Crestwood girls soccer had a relatively successful season as they took another step in the right direction as a program.
They are just two years removed from having no girls soccer because of a lack of numbers, so the Lady Knights needed players ready to step up to lead the way. Now they're heading into the playoffs as the No. 3 seed from Region VI-3A.
Enter striker Giselle Ramirez.
The junior scored 25 goals in 16 games for the Lady Knights and on a lot of nights served as the only offensive production when it came to finding the back of the net. Ramirez has had games netting four, five and six goals. For Ramirez, it was just about stepping up into her role on the team.
"My role was a little bit harder this year, but I was happy to go through it," Ramirez said. "It's a great feeling because most of the games in the region we won. I like the pressure that comes with it. It gives me strength, and it feels exhilarating."
Crestwood head coach Jonathan Ray didn't want to see a one-woman show offensively but was happy to see Ramirez make the most of the situation.
"I knew how talented she was coming into this season," Ray said. "This year, I was hoping to get her more help up top. Not trying to take away from what we have forward-wise, but last year, if we could return some of the players that we had, that would've been big. We have one player that couldn't play this season due to injury, and that put a big hurt on us. I'm glad to see Giselle take on that big role because I knew that the offense was going to have to go through her."
Ray loved the way Ramirez embraced being the player every team game-planned to stop.
"She took that in stride. Every game I'd talk to her to see how she's doing and how she's feeling and tell her what I needed from her. She would look at me and say, 'All right, coach, I've got you.' Then she just went out and performed," Ray said. "She's super talented, and other teams noticed that. So they would send two or three defenders at her, and she would still find ways to just score and help us win."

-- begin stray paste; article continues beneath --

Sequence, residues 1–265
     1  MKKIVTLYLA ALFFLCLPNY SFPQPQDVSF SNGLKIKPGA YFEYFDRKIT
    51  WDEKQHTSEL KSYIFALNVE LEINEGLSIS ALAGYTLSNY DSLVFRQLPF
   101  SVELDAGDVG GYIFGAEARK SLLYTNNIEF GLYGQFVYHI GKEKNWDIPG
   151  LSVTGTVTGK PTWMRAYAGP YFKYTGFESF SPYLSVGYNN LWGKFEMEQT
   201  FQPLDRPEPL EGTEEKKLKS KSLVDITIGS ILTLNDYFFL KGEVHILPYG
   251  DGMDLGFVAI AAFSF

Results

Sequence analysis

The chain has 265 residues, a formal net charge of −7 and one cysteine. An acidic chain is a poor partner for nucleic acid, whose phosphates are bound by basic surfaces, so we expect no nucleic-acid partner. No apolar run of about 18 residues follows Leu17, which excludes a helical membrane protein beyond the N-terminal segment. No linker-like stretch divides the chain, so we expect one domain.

Ramirez is from Honduras and doesn't speak English as her primary language. The language barrier presents some challenges, especially when dealing with such a vital piece of the team's success, but Ray has some help with communication.
"It's very touch and go," Ray explained. "She understands what I'm saying, but if I'm trying to hold a conversation with her outside of using just a few phrases, I have one of my other soccer players who speak both languages help me out. This is really my first time as a coach having to coach kids that don't speak English fluently, but there's also a kid on the boys team that primarily speaks in Spanish.
"We still joke around and everything. We have our laughs, but it's more like soccer related. I can joke with her about a few times when she messes up. There is good banter there; she'll cut up and laugh. I can tell when she's frustrated with herself because she'll start speaking in Spanish really fast. But overall the coaching part doesn't change. She knows when I'm trying to be serious, and she can key in on that."
Ramirez still has one more year of playing for Crestwood and is excited about putting in the work to get even better. Ray is hoping that with her presence up top, the Lady Knights can make a push in the SCHSL 3A playoffs next week. They'll open with a trip to Aynor on Tuesday.
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